News Article | December 4, 2016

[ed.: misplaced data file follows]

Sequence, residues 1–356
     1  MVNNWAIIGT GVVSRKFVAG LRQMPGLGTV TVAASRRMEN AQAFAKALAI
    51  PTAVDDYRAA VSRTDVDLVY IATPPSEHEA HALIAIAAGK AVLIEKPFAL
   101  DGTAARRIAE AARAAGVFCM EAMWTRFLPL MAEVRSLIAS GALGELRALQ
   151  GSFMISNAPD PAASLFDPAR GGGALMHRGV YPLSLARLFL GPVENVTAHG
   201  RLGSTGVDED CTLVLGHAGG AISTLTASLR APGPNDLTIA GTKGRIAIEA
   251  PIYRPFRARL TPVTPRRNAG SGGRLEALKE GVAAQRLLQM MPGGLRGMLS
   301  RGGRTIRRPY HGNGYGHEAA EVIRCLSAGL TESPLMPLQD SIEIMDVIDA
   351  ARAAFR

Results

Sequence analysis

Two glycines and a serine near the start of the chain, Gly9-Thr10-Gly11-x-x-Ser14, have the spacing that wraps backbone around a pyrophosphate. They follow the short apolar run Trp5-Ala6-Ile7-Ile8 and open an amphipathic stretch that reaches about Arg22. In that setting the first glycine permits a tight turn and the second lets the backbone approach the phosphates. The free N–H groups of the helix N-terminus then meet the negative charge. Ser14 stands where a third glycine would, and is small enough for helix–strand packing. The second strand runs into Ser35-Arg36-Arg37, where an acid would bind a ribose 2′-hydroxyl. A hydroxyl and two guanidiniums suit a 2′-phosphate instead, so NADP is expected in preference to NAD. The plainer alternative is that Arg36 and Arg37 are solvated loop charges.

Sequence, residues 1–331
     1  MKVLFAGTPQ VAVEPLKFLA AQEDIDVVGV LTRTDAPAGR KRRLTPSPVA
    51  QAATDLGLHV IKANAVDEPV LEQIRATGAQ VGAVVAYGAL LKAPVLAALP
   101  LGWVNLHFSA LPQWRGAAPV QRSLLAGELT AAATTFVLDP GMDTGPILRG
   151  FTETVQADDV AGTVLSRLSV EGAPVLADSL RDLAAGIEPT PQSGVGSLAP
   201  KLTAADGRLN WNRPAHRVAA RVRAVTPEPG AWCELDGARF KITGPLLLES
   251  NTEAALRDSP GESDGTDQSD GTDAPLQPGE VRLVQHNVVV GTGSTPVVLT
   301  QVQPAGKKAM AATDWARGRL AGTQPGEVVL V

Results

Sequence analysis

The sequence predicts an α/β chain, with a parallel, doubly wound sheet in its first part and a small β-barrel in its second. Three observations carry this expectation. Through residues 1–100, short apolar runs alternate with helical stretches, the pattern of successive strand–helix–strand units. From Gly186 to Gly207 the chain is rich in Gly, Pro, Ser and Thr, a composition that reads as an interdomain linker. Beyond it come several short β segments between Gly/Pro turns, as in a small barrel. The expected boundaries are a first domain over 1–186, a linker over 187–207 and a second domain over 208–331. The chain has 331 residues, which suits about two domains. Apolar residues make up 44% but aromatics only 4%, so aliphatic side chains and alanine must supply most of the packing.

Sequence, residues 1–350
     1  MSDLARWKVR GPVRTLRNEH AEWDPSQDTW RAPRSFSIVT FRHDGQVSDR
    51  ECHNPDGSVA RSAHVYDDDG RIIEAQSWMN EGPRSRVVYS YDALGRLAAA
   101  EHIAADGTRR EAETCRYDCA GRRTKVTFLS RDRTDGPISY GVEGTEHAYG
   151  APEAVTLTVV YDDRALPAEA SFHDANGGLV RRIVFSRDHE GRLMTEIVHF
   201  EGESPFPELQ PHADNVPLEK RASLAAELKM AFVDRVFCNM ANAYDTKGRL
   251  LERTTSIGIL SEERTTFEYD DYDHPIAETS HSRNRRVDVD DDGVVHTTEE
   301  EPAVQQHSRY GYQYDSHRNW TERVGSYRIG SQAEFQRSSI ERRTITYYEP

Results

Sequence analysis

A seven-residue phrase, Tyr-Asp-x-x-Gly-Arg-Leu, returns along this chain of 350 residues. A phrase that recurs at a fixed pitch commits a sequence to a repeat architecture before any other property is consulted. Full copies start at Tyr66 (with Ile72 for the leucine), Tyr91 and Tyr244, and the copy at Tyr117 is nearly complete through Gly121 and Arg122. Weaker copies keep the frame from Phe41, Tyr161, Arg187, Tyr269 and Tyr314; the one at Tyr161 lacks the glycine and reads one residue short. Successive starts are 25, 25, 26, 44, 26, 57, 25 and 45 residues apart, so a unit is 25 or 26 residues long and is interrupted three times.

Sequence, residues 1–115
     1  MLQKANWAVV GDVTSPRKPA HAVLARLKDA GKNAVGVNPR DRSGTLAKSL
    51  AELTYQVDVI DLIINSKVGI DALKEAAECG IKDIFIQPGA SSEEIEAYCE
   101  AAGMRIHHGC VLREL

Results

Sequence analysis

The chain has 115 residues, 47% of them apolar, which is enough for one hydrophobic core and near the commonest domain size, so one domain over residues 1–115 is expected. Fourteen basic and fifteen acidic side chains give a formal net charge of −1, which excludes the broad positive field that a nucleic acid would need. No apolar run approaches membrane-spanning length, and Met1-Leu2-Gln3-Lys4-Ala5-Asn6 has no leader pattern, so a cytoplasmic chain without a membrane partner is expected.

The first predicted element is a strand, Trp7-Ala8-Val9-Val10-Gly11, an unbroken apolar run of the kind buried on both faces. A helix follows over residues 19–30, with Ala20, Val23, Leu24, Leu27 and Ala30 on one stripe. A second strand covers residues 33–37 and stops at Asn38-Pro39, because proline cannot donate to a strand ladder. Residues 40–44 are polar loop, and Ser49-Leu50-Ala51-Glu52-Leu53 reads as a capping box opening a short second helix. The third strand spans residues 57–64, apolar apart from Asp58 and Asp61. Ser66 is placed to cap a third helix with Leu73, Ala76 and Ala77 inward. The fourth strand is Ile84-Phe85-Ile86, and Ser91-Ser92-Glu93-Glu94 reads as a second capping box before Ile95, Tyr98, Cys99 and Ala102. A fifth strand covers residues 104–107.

Here’s what you don’t want to do late on a Sunday night. You do not want to type seven letters into Google. That’s all I did. I typed: “a-r-e”. And then “j-e-w-s”. Since 2008, Google has attempted to predict what question you might be asking and offers you a choice. And this is what it did. It offered me a choice of potential questions it thought I might want to ask: “are jews a race?”, “are jews white?”, “are jews christians?”, and finally, “are jews evil?” Are Jews evil? It’s not a question I’ve ever thought of asking. I hadn’t gone looking for it. But there it was. I press enter. A page of results appears. This was Google’s question. And this was Google’s answer: Jews are evil. Because there, on my screen, was the proof: an entire page of results, nine out of 10 of which “confirm” this. The top result, from a site called Listovative, has the headline: “Top 10 Major Reasons Why People Hate Jews.” I click on it: “Jews today have taken over marketing, militia, medicinal, technological, media, industrial, cinema challenges etc and continue to face the worlds [sic] envy through unexplained success stories given their inglorious past and vermin like repression all over Europe.” Google is search. It’s the verb, to Google. It’s what we all do, all the time, whenever we want to know anything. We Google it. The site handles at least 63,000 searches a second, 5.5bn a day. Its mission as a company, the one-line overview that has informed the company since its foundation and is still the banner headline on its corporate website today, is to “organise the world’s information and make it universally accessible and useful”. It strives to give you the best, most relevant results. And in this instance the third-best, most relevant result to the search query “are Jews… ” is a link to an article from stormfront.org, a neo-Nazi website. The fifth is a YouTube video: “Why the Jews are Evil. Why we are against them.” The sixth is from Yahoo Answers: “Why are Jews so evil?” The seventh result is: “Jews are demonic souls from a different world.” And the 10th is from jesus-is-saviour.com: “Judaism is Satanic!” There’s one result in the 10 that offers a different point of view. It’s a link to a rather dense, scholarly book review from thetabletmag.com, a Jewish magazine, with the unfortunately misleading headline: “Why Literally Everybody In the World Hates Jews.” I feel like I’ve fallen down a wormhole, entered some parallel universe where black is white, and good is bad. Though later, I think that perhaps what I’ve actually done is scraped the topsoil off the surface of 2016 and found one of the underground springs that has been quietly nurturing it. It’s been there all the time, of course. Just a few keystrokes away… on our laptops, our tablets, our phones. This isn’t a secret Nazi cell lurking in the shadows. It’s hiding in plain sight. Stories about fake news on Facebook have dominated certain sections of the press for weeks following the American presidential election, but arguably this is even more powerful, more insidious. Frank Pasquale, professor of law at the University of Maryland, and one of the leading academic figures calling for tech companies to be more open and transparent, calls the results “very profound, very troubling”. He came across a similar instance in 2006 when, “If you typed ‘Jew’ in Google, the first result was jewwatch.org. It was ‘look out for these awful Jews who are ruining your life’. And the Anti-Defamation League went after them and so they put an asterisk next to it which said: ‘These search results may be disturbing but this is an automated process.’ But what you’re showing – and I’m very glad you are documenting it and screenshotting it – is that despite the fact they have vastly researched this problem, it has gotten vastly worse.” And ordering of search results does influence people, says Martin Moore, director of the Centre for the Study of Media, Communication and Power at King’s College, London, who has written at length on the impact of the big tech companies on our civic and political spheres. “There’s large-scale, statistically significant research into the impact of search results on political views. And the way in which you see the results and the types of results you see on the page necessarily has an impact on your perspective.” Fake news, he says, has simply “revealed a much bigger problem. These companies are so powerful and so committed to disruption. They thought they were disrupting politics but in a positive way. They hadn’t thought about the downsides. These tools offer remarkable empowerment, but there’s a dark side to it. It enables people to do very cynical, damaging things.” Google is knowledge. It’s where you go to find things out. And evil Jews are just the start of it. There are also evil women. I didn’t go looking for them either. This is what I type: “a-r-e w-o-m-e-n”. And Google offers me just two choices, the first of which is: “Are women evil?” I press return. Yes, they are. Every one of the 10 results “confirms” that they are, including the top one, from a site called sheddingoftheego.com, which is boxed out and highlighted: “Every woman has some degree of prostitute in her. Every woman has a little evil in her… Women don’t love men, they love what they can do for them. It is within reason to say women feel attraction but they cannot love men.” Next I type: “a-r-e m-u-s-l-i-m-s”. And Google suggests I should ask: “Are Muslims bad?” And here’s what I find out: yes, they are. That’s what the top result says and six of the others. Without typing anything else, simply putting the cursor in the search box, Google offers me two new searches and I go for the first, “Islam is bad for society”. In the next list of suggestions, I’m offered: “Islam must be destroyed.” Jews are evil. Muslims need to be eradicated. And Hitler? Do you want to know about Hitler? Let’s Google it. “Was Hitler bad?” I type. And here’s Google’s top result: “10 Reasons Why Hitler Was One Of The Good Guys” I click on the link: “He never wanted to kill any Jews”; “he cared about conditions for Jews in the work camps”; “he implemented social and cultural reform.” Eight out of the other 10 search results agree: Hitler really wasn’t that bad. A few days later, I talk to Danny Sullivan, the founding editor of SearchEngineLand.com. He’s been recommended to me by several academics as one of the most knowledgeable experts on search. Am I just being naive, I ask him? Should I have known this was out there? “No, you’re not being naive,” he says. “This is awful. It’s horrible. It’s the equivalent of going into a library and asking a librarian about Judaism and being handed 10 books of hate. Google is doing a horrible, horrible job of delivering answers here. It can and should do better.” He’s surprised too. “I thought they stopped offering autocomplete suggestions for religions in 2011.” And then he types “are women” into his own computer. “Good lord! That answer at the top. It’s a featured result. It’s called a “direct answer”. This is supposed to be indisputable. It’s Google’s highest endorsement.” That every women has some degree of prostitute in her? “Yes. This is Google’s algorithm going terribly wrong.” I contacted Google about its seemingly malfunctioning autocomplete suggestions and received the following response: “Our search results are a reflection of the content across the web. This means that sometimes unpleasant portrayals of sensitive subject matter online can affect what search results appear for a given query. These results don’t reflect Google’s own opinions or beliefs – as a company, we strongly value a diversity of perspectives, ideas and cultures.” Google isn’t just a search engine, of course. Search was the foundation of the company but that was just the beginning. Alphabet, Google’s parent company, now has the greatest concentration of artificial intelligence experts in the world. It is expanding into healthcare, transportation, energy. It’s able to attract the world’s top computer scientists, physicists and engineers. It’s bought hundreds of start-ups, including Calico, whose stated mission is to “cure death” and DeepMind, which aims to “solve intelligence”. And 20 years ago it didn’t even exist. When Tony Blair became prime minister, it wasn’t possible to Google him: the search engine had yet to be invented. The company was only founded in 1998 and Facebook didn’t appear until 2004. Google’s founders Sergey Brin and Larry Page are still only 43. Mark Zuckerberg of Facebook is 32. Everything they’ve done, the world they’ve remade, has been done in the blink of an eye. But it seems the implications about the power and reach of these companies is only now seeping into the public consciousness. I ask Rebecca MacKinnon, director of the Ranking Digital Rights project at the New America Foundation, whether it was the recent furore over fake news that woke people up to the danger of ceding our rights as citizens to corporations. “It’s kind of weird right now,” she says, “because people are finally saying, ‘Gee, Facebook and Google really have a lot of power’ like it’s this big revelation. And it’s like, ‘D’oh.’” MacKinnon has a particular expertise in how authoritarian governments adapt to the internet and bend it to their purposes. “China and Russia are a cautionary tale for us. I think what happens is that it goes back and forth. So during the Arab spring, it seemed like the good guys were further ahead. And now it seems like the bad guys are. Pro-democracy activists are using the internet more than ever but at the same time, the adversary has gotten so much more skilled.” Last week Jonathan Albright, an assistant professor of communications at Elon University in North Carolina, published the first detailed research on how rightwing websites had spread their message. “I took a list of these fake news sites that was circulating, I had an initial list of 306 of them and I used a tool – like the one Google uses – to scrape them for links and then I mapped them. So I looked at where the links went – into YouTube and Facebook, and between each other, millions of them… and I just couldn’t believe what I was seeing. “They have created a web that is bleeding through on to our web. This isn’t a conspiracy. There isn’t one person who’s created this. It’s a vast system of hundreds of different sites that are using all the same tricks that all websites use. They’re sending out thousands of links to other sites and together this has created a vast satellite system of rightwing news and propaganda that has completely surrounded the mainstream media system.” He found 23,000 pages and 1.3m hyperlinks. “And Facebook is just the amplification device. When you look at it in 3D, it actually looks like a virus. And Facebook was just one of the hosts for the virus that helps it spread faster. You can see the New York Times in there and the Washington Post and then you can see how there’s a vast, vast network surrounding them. The best way of describing it is as an ecosystem. This really goes way beyond individual sites or individual stories. What this map shows is the distribution network and you can see that it’s surrounding and actually choking the mainstream news ecosystem.” Like a cancer? “Like an organism that is growing and getting stronger all the time.” Charlie Beckett, a professor in the school of media and communications at LSE, tells me: “We’ve been arguing for some time now that plurality of news media is good. Diversity is good. Critiquing the mainstream media is good. But now… it’s gone wildly out of control. What Jonathan Albright’s research has shown is that this isn’t a byproduct of the internet. And it’s not even being done for commercial reasons. It’s motivated by ideology, by people who are quite deliberately trying to destabilise the internet.” Albright’s map also provides a clue to understanding the Google search results I found. What these rightwing news sites have done, he explains, is what most commercial websites try to do. They try to find the tricks that will move them up Google’s PageRank system. They try and “game” the algorithm. And what his map shows is how well they’re doing that. That’s what my searches are showing too. That the right has colonised the digital space around these subjects – Muslims, women, Jews, the Holocaust, black people – far more effectively than the liberal left. “It’s an information war,” says Albright. “That’s what I keep coming back to.” But it’s where it goes from here that’s truly frightening. I ask him how it can be stopped. “I don’t know. I’m not sure it can be. It’s a network. It’s far more powerful than any one actor.” So, it’s almost got a life of its own? “Yes, and it’s learning. Every day, it’s getting stronger.” The more people who search for information about Jews, the more people will see links to hate sites, and the more they click on those links (very few people click on to the second page of results) the more traffic the sites will get, the more links they will accrue and the more authoritative they will appear. This is an entirely circular knowledge economy that has only one outcome: an amplification of the message. Jews are evil. Women are evil. Islam must be destroyed. Hitler was one of the good guys. And the constellation of websites that Albright found – a sort of shadow internet – has another function. More than just spreading rightwing ideology, they are being used to track and monitor and influence anyone who comes across their content. “I scraped the trackers on these sites and I was absolutely dumbfounded. Every time someone likes one of these posts on Facebook or visits one of these websites, the scripts are then following you around the web. And this enables data-mining and influencing companies like Cambridge Analytica to precisely target individuals, to follow them around the web, and to send them highly personalised political messages. This is a propaganda machine. It’s targeting people individually to recruit them to an idea. It’s a level of social engineering that I’ve never seen before. They’re capturing people and then keeping them on an emotional leash and never letting them go.” Cambridge Analytica, an American-owned company based in London, was employed by both the Vote Leave campaign and the Trump campaign. Dominic Cummings, the campaign director of Vote Leave, has made few public announcements since the Brexit referendum but he did say this: “If you want to make big improvements in communication, my advice is – hire physicists.” Steve Bannon, founder of Breitbart News and the newly appointed chief strategist to Trump, is on Cambridge Analytica’s board and it has emerged that the company is in talks to undertake political messaging work for the Trump administration. It claims to have built psychological profiles using 5,000 separate pieces of data on 220 million American voters. It knows their quirks and nuances and daily habits and can target them individually. “They were using 40-50,000 different variants of ad every day that were continuously measuring responses and then adapting and evolving based on that response,” says Martin Moore of Kings College. Because they have so much data on individuals and they use such phenomenally powerful distribution networks, they allow campaigns to bypass a lot of existing laws. “It’s all done completely opaquely and they can spend as much money as they like on particular locations because you can focus on a five-mile radius or even a single demographic. Fake news is important but it’s only one part of it. These companies have found a way of transgressing 150 years of legislation that we’ve developed to make elections fair and open.” Did such micro-targeted propaganda – currently legal – swing the Brexit vote? We have no way of knowing. Did the same methods used by Cambridge Analytica help Trump to victory? Again, we have no way of knowing. This is all happening in complete darkness. We have no way of knowing how our personal data is being mined and used to influence us. We don’t realise that the Facebook page we are looking at, the Google page, the ads that we are seeing, the search results we are using, are all being personalised to us. We don’t see it because we have nothing to compare it to. And it is not being monitored or recorded. It is not being regulated. We are inside a machine and we simply have no way of seeing the controls. Most of the time, we don’t even realise that there are controls. Rebecca MacKinnon says that most of us consider the internet to be like “the air that we breathe and the water that we drink”. It surrounds us. We use it. And we don’t question it. “But this is not a natural landscape. Programmers and executives and editors and designers, they make this landscape. They are human beings and they all make choices.” But we don’t know what choices they are making. Neither Google or Facebook make their algorithms public. Why did my Google search return nine out of 10 search results that claim Jews are evil? We don’t know and we have no way of knowing. Their systems are what Frank Pasquale describes as “black boxes”. He calls Google and Facebook “a terrifying duopoly of power” and has been leading a growing movement of academics who are calling for “algorithmic accountability”. “We need to have regular audits of these systems,” he says. “We need people in these companies to be accountable. In the US, under the Digital Millennium Copyright Act, every company has to have a spokesman you can reach. And this is what needs to happen. They need to respond to complaints about hate speech, about bias.” Is bias built into the system? Does it affect the kind of results that I was seeing? “There’s all sorts of bias about what counts as a legitimate source of information and how that’s weighted. There’s enormous commercial bias. And when you look at the personnel, they are young, white and perhaps Asian, but not black or Hispanic and they are overwhelmingly men. The worldview of young wealthy white men informs all these judgments.” Later, I speak to Robert Epstein, a research psychologist at the American Institute for Behavioural Research and Technology, and the author of the study that Martin Moore told me about (and that Google has publicly criticised), showing how search-rank results affect voting patterns. On the other end of the phone, he repeats one of the searches I did. He types “do blacks…” into Google. “Look at that. I haven’t even hit a button and it’s automatically populated the page with answers to the query: ‘Do blacks commit more crimes?’ And look, I could have been going to ask all sorts of questions. ‘Do blacks excel at sports’, or anything. And it’s only given me two choices and these aren’t simply search-based or the most searched terms right now. Google used to use that but now they use an algorithm that looks at other things. Now, let me look at Bing and Yahoo. I’m on Yahoo and I have 10 suggestions, not one of which is ‘Do black people commit more crime?’ “And people don’t question this. Google isn’t just offering a suggestion. This is a negative suggestion and we know that negative suggestions depending on lots of things can draw between five and 15 more clicks. And this all programmed. And it could be programmed differently.” What Epstein’s work has shown is that the contents of a page of search results can influence people’s views and opinions. The type and order of search rankings was shown to influence voters in India in double-blind trials. There were similar results relating to the search suggestions you are offered. “The general public are completely in the dark about very fundamental issues regarding online search and influence. We are talking about the most powerful mind-control machine ever invented in the history of the human race. And people don’t even notice it.” Damien Tambini, an associate professor at the London School of Economics, who focuses on media regulation, says that we lack any sort of framework to deal with the potential impact of these companies on the democratic process. “We have structures that deal with powerful media corporations. We have competition laws. But these companies are not being held responsible. There are no powers to get Google or Facebook to disclose anything. There’s an editorial function to Google and Facebook but it’s being done by sophisticated algorithms. They say it’s machines not editors. But that’s simply a mechanised editorial function.” And the companies, says John Naughton, the Observer columnist and a senior research fellow at Cambridge University, are terrified of acquiring editorial responsibilities they don’t want. “Though they can and regularly do tweak the results in all sorts of ways.” Certainly the results about Google on Google don’t seem entirely neutral. Google “Is Google racist?” and the featured result – the Google answer boxed out at the top of the page – is quite clear: no. It is not. But the enormity and complexity of having two global companies of a kind we have never seen before influencing so many areas of our lives is such, says Naughton, that “we don’t even have the mental apparatus to even know what the problems are”. And this is especially true of the future. Google and Facebook are at the forefront of AI. They are going to own the future. And the rest of us can barely start to frame the sorts of questions we ought to be asking. “Politicians don’t think long term. And corporations don’t think long term because they’re focused on the next quarterly results and that’s what makes Google and Facebook interesting and different. They are absolutely thinking long term. They have the resources, the money, and the ambition to do whatever they want. “They want to digitise every book in the world: they do it. They want to build a self-driving car: they do it. The fact that people are reading about these fake news stories and realising that this could have an effect on politics and elections, it’s like, ‘Which planet have you been living on?’ For Christ’s sake, this is obvious.” “The internet is among the few things that humans have built that they don’t understand.” It is “the largest experiment involving anarchy in history. Hundreds of millions of people are, each minute, creating and consuming an untold amount of digital content in an online world that is not truly bound by terrestrial laws.” The internet as a lawless anarchic state? A massive human experiment with no checks and balances and untold potential consequences? What kind of digital doom-mongerer would say such a thing? Step forward, Eric Schmidt – Google’s chairman. They are the first lines of the book, The New Digital Age, that he wrote with Jared Cohen. We don’t understand it. It is not bound by terrestrial laws. And it’s in the hands of two massive, all-powerful corporations. It’s their experiment, not ours. The technology that was supposed to set us free may well have helped Trump to power, or covertly helped swing votes for Brexit. It has created a vast network of propaganda that has encroached like a cancer across the entire internet. This is a technology that has enabled the likes of Cambridge Analytica to create political messages uniquely tailored to you. They understand your emotional responses and how to trigger them. They know your likes, dislikes, where you live, what you eat, what makes you laugh, what makes you cry. And what next? Rebecca MacKinnon’s research has shown how authoritarian regimes reshape the internet for their own purposes. Is that what’s going to happen with Silicon Valley and Trump? As Martin Moore points out, the president-elect claimed that Apple chief executive Tim Cook called to congratulate him soon after his election victory. “And there will undoubtedly be be pressure on them to collaborate,” says Moore. Journalism is failing in the face of such change and is only going to fail further. New platforms have put a bomb under the financial model – advertising – resources are shrinking, traffic is increasingly dependent on them, and publishers have no access, no insight at all, into what these platforms are doing in their headquarters, their labs. And now they are moving beyond the digital world into the physical. The next frontiers are healthcare, transportation, energy. And just as Google is a near-monopoly for search, its ambition to own and control the physical infrastructure of our lives is what’s coming next. It already owns our data and with it our identity. What will it mean when it moves into all the other areas of our lives? “At the moment, there’s a distance when you Google ‘Jews are’ and get ‘Jews are evil’,” says Julia Powles, a researcher at Cambridge on technology and law. “But when you move into the physical realm, and these concepts become part of the tools being deployed when you navigate around your city or influence how people are employed, I think that has really pernicious consequences.” Powles is shortly to publish a paper looking at DeepMind’s relationship with the NHS. “A year ago, 2 million Londoners’ NHS health records were handed over to DeepMind. And there was complete silence from politicians, from regulators, from anyone in a position of power. This is a company without any healthcare experience being given unprecedented access into the NHS and it took seven months to even know that they had the data. And that took investigative journalism to find it out.” The headline was that DeepMind was going to work with the NHS to develop an app that would provide early warning for sufferers of kidney disease. And it is, but DeepMind’s ambitions – “to solve intelligence” – goes way beyond that. The entire history of 2 million NHS patients is, for artificial intelligence researchers, a treasure trove. And, their entry into the NHS – providing useful services in exchange for our personal data – is another massive step in their power and influence in every part of our lives. Because the stage beyond search is prediction. Google wants to know what you want before you know yourself. “That’s the next stage,” says Martin Moore. “We talk about the omniscience of these tech giants, but that omniscience takes a huge step forward again if they are able to predict. And that’s where they want to go. To predict diseases in health. It’s really, really problematic.” For the nearly 20 years that Google has been in existence, our view of the company has been inflected by the youth and liberal outlook of its founders. Ditto Facebook, whose mission, Zuckberg said, was not to be “a company. It was built to accomplish a social mission to make the world more open and connected.” It would be interesting to know how he thinks that’s working out. Donald Trump is connecting through exactly the same technology platforms that supposedly helped fuel the Arab spring; connecting to racists and xenophobes. And Facebook and Google are amplifying and spreading that message. And us too – the mainstream media. Our outrage is just another node on Jonathan Albright’s data map. “The more we argue with them, the more they know about us,” he says. “It all feeds into a circular system. What we’re seeing here is new era of network propaganda.” We are all points on that map. And our complicity, our credulity, being consumers not concerned citizens, is an essential part of that process. And what happens next is down to us. “I would say that everybody has been really naive and we need to reset ourselves to a much more cynical place and proceed on that basis,” is Rebecca MacKinnon’s advice. “There is no doubt that where we are now is a very bad place. But it’s we as a society who have jointly created this problem. And if we want to get to a better place, when it comes to having an information ecosystem that serves human rights and democracy instead of destroying it, we have to share responsibility for that.” Are Jews evil? How do you want that question answered? This is our internet. Not Google’s. Not Facebook’s. Not rightwing propagandists. And we’re the only ones who can reclaim it.